The self-authenticating man has various disguises. He will appear as the “rational man” and demand that the Christian story must make peace with the laws of logic, as these are based on his vision of Goodness above God and man. He will appear as the “moral man” and demand that the Christian story make peace with the laws of morality, as these are based on his vision of Goodness above God and man. He will appear as the “scientific man” and demand that the Christian story must make peace with the facts of science. For these facts must be what the vision of the self-authenticating man says they can be. But in whatever guise he may appear, the self-authenticating man assumes that he is to be the judge…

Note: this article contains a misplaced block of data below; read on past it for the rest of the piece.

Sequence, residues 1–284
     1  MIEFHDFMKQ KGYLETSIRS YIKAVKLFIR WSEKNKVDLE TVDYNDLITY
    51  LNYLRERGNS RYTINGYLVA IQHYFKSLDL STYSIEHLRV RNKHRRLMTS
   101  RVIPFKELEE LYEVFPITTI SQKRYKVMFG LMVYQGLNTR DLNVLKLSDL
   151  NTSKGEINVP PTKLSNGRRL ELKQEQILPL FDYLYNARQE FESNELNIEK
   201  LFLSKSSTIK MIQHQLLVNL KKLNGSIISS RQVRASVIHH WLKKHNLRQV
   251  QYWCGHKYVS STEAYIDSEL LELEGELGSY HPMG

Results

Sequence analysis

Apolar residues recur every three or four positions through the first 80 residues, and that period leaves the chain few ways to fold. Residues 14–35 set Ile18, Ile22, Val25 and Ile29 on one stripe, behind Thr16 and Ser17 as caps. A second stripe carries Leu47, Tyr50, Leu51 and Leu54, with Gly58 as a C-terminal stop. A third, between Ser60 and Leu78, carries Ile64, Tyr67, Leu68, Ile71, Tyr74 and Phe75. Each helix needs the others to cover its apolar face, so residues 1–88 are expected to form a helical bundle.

We dare not curry favor with the self-authenticating man. We dare not claim that the Christian story is “in accordance with logic” and “in accordance with fact” in terms of the vision of the self-authenticating man. We must rather call him to repentance. We must insist on his unconditional surrender to the self-authenticating Christ. But we must do that in the interest of his finding himself, of his finding meaning in science, in morality, and in religion. We must do that in the interest of his participation in the victory of the all-conquering Christ.
– Cornelius Van Til, The Case for Calvinism p.135, 142